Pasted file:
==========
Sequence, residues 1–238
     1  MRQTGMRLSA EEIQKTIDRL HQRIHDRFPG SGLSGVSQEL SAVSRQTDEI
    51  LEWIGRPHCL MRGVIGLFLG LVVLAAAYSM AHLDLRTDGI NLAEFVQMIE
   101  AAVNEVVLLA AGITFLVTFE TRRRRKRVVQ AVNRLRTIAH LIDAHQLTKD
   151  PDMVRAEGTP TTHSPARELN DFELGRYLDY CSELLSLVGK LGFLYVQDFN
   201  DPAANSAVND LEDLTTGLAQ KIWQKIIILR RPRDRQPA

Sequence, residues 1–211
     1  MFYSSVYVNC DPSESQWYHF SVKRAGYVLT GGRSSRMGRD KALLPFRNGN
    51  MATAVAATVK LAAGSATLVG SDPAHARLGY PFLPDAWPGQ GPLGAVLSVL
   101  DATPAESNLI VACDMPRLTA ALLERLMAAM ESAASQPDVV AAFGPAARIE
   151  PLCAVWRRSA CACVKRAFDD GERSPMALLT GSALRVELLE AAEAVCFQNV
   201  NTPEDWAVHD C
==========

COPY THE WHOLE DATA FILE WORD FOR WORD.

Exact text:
Sequence, residues 1–238
     1  MRQTGMRLSA EEIQKTIDRL HQRIHDRFPG SGLSGVSQEL SAVSRQTDEI
    51  LEWIGRPHCL MRGVIGLFLG LVVLAAAYSM AHLDLRTDGI NLAEFVQMIE
   101  AAVNEVVLLA AGITFLVTFE TRRRRKRVVQ AVNRLRTIAH LIDAHQLTKD
   151  PDMVRAEGTP TTHSPARELN DFELGRYLDY CSELLSLVGK LGFLYVQDFN
   201  DPAANSAVND LEDLTTGLAQ KIWQKIIILR RPRDRQPA

Sequence, residues 1–211
     1  MFYSSVYVNC DPSESQWYHF SVKRAGYVLT GGRSSRMGRD KALLPFRNGN
    51  MATAVAATVK LAAGSATLVG SDPAHARLGY PFLPDAWPGQ GPLGAVLSVL
   101  DATPAESNLI VACDMPRLTA ALLERLMAAM ESAASQPDVV AAFGPAARIE
   151  PLCAVWRRSA CACVKRAFDD GERSPMALLT GSALRVELLE AAEAVCFQNV
   201  NTPEDWAVHD C